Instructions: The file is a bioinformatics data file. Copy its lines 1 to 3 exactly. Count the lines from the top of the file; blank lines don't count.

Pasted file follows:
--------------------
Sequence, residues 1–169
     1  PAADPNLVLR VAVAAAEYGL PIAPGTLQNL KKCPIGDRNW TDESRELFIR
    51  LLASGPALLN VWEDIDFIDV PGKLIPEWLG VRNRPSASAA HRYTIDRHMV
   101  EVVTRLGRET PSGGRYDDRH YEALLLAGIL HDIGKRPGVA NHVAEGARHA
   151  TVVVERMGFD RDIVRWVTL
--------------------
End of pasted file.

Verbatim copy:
Sequence, residues 1–169
     1  PAADPNLVLR VAVAAAEYGL PIAPGTLQNL KKCPIGDRNW TDESRELFIR
    51  LLASGPALLN VWEDIDFIDV PGKLIPEWLG VRNRPSASAA HRYTIDRHMV